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Passing on Tradition:

Judaism is rich with tradition as Tevya sings in Fiddler on the Roof. An important aspect of that richness is teaching and passing down that tradition from generation to generation.

On Friday, January 26, the Palisades Jewish Early Childhood Center (PJECC) held its annual Shabbat dinner. All the children at the school and their families were invited to join in the yearly ceremony.

PJECC has a unique way of teaching these important traditions. The recent unit on Shabbat is a good example. Each child created his or her own special Shabbat box, which included a kiddush cup for the wine, candles, a Challah cover and a card with the necessary blessings. As a culmination of that unit, the early childhood students brought their parents to show them what they had learned.

Perhaps passersby could feel the joy emanating from the shul on Sunset and Monument at the Chabad Jewish Community Center where this tradition was being observed. As the sun descended the horizon, the young children with their parents stood waiting and one by one, they lit a candle and said a particular blessing that begins this special time. Candles have ushered the holiness of the Sabbath into Jewish homes for thousand of years – ever since the matriarch, Sarah, illuminated her tent with light on Friday nights.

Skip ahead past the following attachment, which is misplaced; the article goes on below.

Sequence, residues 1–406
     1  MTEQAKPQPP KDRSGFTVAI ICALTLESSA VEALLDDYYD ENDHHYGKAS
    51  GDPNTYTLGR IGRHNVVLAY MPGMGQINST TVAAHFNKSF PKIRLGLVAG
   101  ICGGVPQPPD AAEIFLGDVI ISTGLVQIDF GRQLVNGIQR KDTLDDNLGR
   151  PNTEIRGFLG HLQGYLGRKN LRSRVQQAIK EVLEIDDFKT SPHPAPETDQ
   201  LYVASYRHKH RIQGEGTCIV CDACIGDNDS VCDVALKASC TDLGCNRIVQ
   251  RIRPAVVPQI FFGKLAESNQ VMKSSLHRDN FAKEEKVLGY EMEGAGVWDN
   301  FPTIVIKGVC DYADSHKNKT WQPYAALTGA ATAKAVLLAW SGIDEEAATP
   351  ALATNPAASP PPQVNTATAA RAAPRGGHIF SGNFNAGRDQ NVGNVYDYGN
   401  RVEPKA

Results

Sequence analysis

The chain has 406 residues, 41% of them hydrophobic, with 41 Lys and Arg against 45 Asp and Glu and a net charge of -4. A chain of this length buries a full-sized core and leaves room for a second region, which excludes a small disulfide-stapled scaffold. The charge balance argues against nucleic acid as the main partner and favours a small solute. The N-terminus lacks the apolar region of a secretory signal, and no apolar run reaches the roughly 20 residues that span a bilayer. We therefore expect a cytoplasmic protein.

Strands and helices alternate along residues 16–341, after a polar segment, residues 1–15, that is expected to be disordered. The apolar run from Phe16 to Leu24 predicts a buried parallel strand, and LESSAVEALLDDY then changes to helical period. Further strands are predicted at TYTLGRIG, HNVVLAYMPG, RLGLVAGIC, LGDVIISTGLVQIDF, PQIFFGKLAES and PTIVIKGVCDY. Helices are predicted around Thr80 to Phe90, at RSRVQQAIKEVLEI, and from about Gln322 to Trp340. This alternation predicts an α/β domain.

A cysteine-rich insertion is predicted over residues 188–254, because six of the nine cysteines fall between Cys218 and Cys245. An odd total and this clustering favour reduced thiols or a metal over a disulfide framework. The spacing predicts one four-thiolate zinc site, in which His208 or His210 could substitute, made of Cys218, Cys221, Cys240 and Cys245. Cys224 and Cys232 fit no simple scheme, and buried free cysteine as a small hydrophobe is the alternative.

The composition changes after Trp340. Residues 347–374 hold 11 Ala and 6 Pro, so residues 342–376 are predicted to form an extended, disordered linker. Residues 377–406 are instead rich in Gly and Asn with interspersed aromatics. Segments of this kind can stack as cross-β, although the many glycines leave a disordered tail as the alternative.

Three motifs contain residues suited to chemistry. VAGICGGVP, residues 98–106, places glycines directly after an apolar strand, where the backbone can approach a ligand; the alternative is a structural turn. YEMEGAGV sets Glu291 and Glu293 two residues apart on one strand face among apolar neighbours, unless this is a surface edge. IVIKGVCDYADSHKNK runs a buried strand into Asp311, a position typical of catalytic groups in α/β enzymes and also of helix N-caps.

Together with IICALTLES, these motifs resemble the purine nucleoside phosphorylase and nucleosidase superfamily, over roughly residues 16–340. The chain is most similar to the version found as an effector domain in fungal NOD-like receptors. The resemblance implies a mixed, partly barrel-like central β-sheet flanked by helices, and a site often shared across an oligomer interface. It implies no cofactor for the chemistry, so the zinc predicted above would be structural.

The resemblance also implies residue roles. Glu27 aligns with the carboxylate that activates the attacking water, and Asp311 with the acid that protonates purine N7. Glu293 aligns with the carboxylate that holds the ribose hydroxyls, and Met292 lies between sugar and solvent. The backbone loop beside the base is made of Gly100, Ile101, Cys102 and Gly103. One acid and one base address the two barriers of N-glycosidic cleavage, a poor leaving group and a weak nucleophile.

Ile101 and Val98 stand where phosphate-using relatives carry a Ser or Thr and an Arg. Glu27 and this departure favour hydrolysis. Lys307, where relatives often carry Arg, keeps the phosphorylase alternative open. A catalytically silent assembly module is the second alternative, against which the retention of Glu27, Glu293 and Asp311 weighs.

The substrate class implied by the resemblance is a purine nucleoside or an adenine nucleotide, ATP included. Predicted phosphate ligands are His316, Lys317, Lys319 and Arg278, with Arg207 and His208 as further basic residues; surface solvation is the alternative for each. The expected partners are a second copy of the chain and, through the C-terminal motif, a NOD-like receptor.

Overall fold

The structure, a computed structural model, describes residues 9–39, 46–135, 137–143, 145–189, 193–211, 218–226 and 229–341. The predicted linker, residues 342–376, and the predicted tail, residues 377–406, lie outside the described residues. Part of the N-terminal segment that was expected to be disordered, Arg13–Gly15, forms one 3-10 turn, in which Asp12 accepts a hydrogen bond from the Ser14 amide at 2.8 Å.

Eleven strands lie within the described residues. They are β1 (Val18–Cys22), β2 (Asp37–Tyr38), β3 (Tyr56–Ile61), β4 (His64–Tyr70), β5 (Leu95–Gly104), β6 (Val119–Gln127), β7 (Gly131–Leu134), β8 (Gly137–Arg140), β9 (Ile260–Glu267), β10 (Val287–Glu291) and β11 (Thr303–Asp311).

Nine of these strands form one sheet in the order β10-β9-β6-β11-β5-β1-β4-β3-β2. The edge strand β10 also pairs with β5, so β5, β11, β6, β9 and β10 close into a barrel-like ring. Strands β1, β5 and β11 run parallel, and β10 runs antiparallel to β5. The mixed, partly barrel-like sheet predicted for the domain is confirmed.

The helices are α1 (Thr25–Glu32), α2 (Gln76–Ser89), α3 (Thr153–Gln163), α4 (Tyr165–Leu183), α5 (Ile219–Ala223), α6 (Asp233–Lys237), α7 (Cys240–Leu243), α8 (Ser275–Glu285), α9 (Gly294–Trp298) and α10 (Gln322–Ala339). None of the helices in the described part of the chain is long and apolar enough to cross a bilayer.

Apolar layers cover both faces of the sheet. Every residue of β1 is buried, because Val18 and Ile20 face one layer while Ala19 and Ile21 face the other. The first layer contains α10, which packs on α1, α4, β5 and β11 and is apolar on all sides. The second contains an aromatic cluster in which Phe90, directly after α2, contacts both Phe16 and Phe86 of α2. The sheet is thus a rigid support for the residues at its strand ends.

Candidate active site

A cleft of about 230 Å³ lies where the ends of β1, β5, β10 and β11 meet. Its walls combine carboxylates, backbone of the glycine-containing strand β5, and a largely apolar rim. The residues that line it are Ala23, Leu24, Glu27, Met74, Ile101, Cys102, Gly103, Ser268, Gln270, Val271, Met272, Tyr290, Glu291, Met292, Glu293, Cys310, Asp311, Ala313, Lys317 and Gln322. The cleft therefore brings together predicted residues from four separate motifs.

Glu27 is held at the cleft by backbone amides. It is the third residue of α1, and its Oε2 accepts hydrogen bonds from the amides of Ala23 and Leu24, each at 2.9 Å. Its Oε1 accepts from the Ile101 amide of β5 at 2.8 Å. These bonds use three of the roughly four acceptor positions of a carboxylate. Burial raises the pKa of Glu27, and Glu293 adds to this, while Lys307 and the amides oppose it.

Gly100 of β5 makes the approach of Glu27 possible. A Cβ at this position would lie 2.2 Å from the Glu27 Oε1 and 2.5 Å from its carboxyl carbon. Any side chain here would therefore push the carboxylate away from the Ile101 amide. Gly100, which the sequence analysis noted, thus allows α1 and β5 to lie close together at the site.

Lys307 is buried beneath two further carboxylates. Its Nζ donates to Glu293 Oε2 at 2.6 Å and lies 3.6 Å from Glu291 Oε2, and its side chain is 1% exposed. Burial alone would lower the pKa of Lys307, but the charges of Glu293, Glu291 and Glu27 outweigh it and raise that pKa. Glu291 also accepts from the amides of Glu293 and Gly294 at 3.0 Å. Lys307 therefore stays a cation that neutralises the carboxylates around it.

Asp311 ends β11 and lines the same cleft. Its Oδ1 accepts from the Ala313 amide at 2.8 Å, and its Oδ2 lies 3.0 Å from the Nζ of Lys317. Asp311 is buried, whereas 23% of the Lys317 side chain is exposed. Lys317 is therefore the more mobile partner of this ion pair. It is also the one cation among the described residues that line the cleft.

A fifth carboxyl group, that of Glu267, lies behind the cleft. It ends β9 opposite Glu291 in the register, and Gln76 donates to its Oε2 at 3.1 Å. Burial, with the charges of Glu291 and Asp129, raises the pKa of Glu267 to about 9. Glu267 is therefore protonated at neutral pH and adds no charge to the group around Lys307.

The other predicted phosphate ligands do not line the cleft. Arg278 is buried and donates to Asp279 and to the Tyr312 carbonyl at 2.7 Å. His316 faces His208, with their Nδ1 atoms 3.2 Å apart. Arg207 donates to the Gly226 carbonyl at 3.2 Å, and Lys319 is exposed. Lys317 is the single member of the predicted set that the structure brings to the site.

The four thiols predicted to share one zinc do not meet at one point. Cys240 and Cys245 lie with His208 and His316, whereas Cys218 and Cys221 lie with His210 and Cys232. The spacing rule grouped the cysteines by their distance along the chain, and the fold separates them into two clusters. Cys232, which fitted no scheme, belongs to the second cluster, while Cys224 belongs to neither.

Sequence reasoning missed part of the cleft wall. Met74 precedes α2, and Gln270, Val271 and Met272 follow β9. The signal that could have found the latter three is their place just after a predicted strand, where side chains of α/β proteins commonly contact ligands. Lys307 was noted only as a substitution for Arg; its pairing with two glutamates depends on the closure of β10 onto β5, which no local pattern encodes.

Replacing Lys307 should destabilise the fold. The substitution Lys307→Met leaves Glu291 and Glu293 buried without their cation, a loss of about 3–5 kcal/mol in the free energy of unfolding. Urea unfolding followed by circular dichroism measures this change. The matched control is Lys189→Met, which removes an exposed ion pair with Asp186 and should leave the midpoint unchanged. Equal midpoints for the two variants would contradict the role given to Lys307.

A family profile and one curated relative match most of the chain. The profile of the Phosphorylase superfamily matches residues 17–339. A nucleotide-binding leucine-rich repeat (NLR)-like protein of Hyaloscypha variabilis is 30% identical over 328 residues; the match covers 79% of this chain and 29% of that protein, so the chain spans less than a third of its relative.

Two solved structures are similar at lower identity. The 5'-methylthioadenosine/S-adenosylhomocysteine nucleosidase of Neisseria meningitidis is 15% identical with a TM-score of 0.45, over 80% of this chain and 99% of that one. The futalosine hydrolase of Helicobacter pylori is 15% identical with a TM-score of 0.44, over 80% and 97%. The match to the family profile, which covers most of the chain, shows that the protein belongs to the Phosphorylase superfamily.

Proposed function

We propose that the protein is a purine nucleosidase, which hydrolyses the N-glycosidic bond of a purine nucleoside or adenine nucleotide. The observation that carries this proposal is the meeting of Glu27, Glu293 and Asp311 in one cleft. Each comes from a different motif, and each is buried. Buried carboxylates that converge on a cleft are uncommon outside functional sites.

The height of this special time is the Shabbat meal. To begin, a special blessing (brocha) was said over the wine (and grape juice), led by Rabbi and Mrs. Zushe Cunin. Hands were washed and then the blessing was said over the Challah (braided bread, made just for the occasion) beginning the many course dinner. Teaching continued as the children learned about how to rest, and more about the uniqueness of Shabbat and the important impact its observation can have on family life. Dinner ended with lots of singing of many Jewish songs that the children had learned.

Barbara Leibovic, Early Childhood Director, really looks forward to the annual Shabbat dinner. “It embraces not only our curriculum on Shabbat, but the partnership of the school, the home and the community,” said Leibovic.

And from that special “Shabbat box,” these children can enter into the world of Shabbat. They will remember how they participated in a fulfilling and joyous Shabbat experience the way it has been observed for millennia and how to appreciate the many blessings in their lives. This way the tradition endures for this young generation until they grow into their own families and pass it on once again.

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